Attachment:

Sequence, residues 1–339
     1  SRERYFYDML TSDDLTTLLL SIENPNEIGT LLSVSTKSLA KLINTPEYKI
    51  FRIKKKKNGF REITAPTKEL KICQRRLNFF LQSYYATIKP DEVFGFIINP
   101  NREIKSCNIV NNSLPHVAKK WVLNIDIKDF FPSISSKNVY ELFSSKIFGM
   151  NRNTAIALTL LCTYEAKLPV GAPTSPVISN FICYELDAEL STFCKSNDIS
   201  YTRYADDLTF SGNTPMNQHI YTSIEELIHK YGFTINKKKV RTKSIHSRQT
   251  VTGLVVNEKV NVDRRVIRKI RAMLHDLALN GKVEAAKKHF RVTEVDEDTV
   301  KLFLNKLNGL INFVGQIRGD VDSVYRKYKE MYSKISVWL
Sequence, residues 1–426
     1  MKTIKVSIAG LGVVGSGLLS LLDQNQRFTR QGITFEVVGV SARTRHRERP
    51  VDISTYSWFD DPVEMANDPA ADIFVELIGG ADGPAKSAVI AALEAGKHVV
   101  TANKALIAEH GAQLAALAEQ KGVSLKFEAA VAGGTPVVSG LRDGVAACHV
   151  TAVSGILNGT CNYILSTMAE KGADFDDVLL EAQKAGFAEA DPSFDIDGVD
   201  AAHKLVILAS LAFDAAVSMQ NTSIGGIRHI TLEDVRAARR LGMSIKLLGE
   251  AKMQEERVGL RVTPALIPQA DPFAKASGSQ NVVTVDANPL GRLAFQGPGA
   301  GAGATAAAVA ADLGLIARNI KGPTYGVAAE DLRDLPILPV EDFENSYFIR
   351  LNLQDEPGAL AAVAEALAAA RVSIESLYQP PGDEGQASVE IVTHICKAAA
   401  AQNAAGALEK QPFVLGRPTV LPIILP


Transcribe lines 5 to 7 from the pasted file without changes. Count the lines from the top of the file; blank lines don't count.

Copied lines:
   151  NRNTAIALTL LCTYEAKLPV GAPTSPVISN FICYELDAEL STFCKSNDIS
   201  YTRYADDLTF SGNTPMNQHI YTSIEELIHK YGFTINKKKV RTKSIHSRQT
   251  VTGLVVNEKV NVDRRVIRKI RAMLHDLALN GKVEAAKKHF RVTEVDEDTV